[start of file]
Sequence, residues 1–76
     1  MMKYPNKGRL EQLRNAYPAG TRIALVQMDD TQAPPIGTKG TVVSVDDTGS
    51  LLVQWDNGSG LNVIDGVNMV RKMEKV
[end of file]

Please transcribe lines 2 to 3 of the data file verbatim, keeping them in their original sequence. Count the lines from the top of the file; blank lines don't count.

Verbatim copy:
     1  MMKYPNKGRL EQLRNAYPAG TRIALVQMDD TQAPPIGTKG TVVSVDDTGS
    51  LLVQWDNGSG LNVIDGVNMV RKMEKV